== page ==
This blue marble

– and yet it spins


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A glitch in time

zurich-3Just for a moment I slipped in-between the seconds of time. I was not happy nor sad. Not awake nor asleep. There was no sun nor shadows. Nothing brand new and nothing very old. Nobody coming or going. Nothing beginning or ending. Just an old tree and a lady reading underneath it.

I wish there were more of these in-between moments, these glitches in time.

(Zurich, Switzerland; February 2018)


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Hasa diga eebowai

musicalThe Book of Mormon made me laugh so I shed tears. Yes, it is insulting, intelligent, and vulgar. My colleague in London told me she saw it when it was new, and one-quarter of the audience walked out during intermission and never returned to their seats. But what most people miss (perhaps?) is the sweetness in the second half: how people try so very much their best to live in a harsh world seemingly filled with limitations. The deep lessons in the ending: how another’s culture is always understood through the filter our own culture, programmed in our minds when we grew up. How, in the end, the characters on stage were all trying their very best to help each other live as good lives as possible, all in their own ways.

It seems that most viewers remember the phrase “hasa diga eebowai”. “F*ck you God”. This is also the reason many people leave the musical in the middle of the show. But what many do not seem to remember is that it was used as an expression of survival and strength in a world where individuals are targeted with numerous inexplicable sufferings: AIDS, poverty, natural disaster. “If you don’t like what we say, try living here a couple days. Watch all your friends and family die; hasa diga eebowai!”.

There is strength in words. And sometimes those words are terrible. Because the world is sometimes terrible.

(London, United Kingdom; September 2017)


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In transit

pajeboatDear Africa, after two months it is time for me to go home. It would have been easy for me to spend another two months getting to know you better, but then I would have much explaining to do for those back home. I have barely seen anything geographically, but experienced vastly greater expanses.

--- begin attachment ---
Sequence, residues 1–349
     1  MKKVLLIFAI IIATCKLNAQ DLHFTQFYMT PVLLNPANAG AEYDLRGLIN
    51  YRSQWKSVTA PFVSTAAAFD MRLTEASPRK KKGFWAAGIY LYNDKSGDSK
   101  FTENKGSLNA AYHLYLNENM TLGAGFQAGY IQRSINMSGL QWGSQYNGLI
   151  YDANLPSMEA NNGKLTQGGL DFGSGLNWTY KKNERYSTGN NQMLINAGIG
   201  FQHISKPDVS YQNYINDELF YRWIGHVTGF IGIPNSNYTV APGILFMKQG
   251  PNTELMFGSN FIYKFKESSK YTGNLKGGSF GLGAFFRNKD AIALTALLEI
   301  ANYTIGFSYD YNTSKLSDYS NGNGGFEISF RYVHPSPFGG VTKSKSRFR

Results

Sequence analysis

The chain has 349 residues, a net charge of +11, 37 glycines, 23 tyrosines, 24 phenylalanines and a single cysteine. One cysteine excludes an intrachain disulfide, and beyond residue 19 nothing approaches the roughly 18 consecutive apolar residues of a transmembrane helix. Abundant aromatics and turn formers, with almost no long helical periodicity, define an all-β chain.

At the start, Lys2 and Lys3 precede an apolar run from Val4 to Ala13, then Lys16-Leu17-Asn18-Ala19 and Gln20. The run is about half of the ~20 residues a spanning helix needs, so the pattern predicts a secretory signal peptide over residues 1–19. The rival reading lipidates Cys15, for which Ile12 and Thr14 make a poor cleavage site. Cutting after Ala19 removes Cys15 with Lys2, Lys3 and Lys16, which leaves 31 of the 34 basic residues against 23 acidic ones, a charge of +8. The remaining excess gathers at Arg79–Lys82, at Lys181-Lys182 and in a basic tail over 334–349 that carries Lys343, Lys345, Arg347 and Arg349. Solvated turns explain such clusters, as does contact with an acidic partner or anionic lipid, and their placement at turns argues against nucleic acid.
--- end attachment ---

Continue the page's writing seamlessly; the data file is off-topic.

A year ago I went through the apartment following the KonMari method, removing every object that does not spark joy and keeping those that do. Surprisingly many Ikea bags and garbage bags left that relatively minimalist home. For the past two months I have carried my entire home on my back: clothes for 4 seasons, including outdoors, yoga, and beach wear, a yoga mat, books, and much else. Twenty kilos plus a daypack. I really do not need much else either, and yet I have so much more stuff waiting for me at home.

Perhaps life in transit means life without a proper home. But life in transit also means only taking as much as one can carry, and being sure about the essentials and the superfluous things. Being sure about what, physically and emotionally, we want to carry on our backs from point A to point B.

Some years ago the blogosphere was raving about the Burning House challenge: what would you take with you from  your home if your house was burning? You would need to be able to carry it yourself, and take a picture of everything at once. I am going back home to a reverse Burning House challenge: from being able to carry my entire life for two months to further minimalizing my life so the “click-point” of Marie Kondo’s definition for “enough stuff” is much lower than what it used to be.

During this journey of two months I have carried more mental and emotional weight than physical weight. I have not shared much of it here and do not intend to now, either. It has been a difficult journey and in my private journal I have written pages and pages about pain. But in the spirit of a deeper insight, when I dump my backpacks on the floor at home I will let it all go and see what stays. And that which stays will need to be laundered, tended to, thanked, and made ready for the next adventure.

(Dar es Salaam airport, Tanzania; August 2017)


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On voodoo and the reason for illness

lowtideAs our bungalow driver drove me to Stone Town he told me he had just driven his son to see the witch doctor, with pains in his stomach. It happens from time to time, he said, and the doctors at the hospital cannot find anything wrong. The boy has been helped by the witch doctor every time, with potions, magic, and by recognizing that someone wants to hurt the family by causing the boy to be sick.

According to other stories I have heard, too, this witch doctor seems to be famous and receives patients from far away African countries. It is said he can raise people from the dead. Somewhere on Zanzibar there is a forest of the dead. When you go there properly prepared by the witch doctor, taking a potion, you can see a dead friend or relative. Perhaps you have unfinished business, or simply want to wish goodbye. The witch doctor also has the ability to bring the dead person back, completely so she or he can continue life as if it never ended. This of course costs money, some 5 million TSH (approximately 1,700 EUR). The best proof of this medicine is the story of a local man who should be dead many times over, but always returns to his home.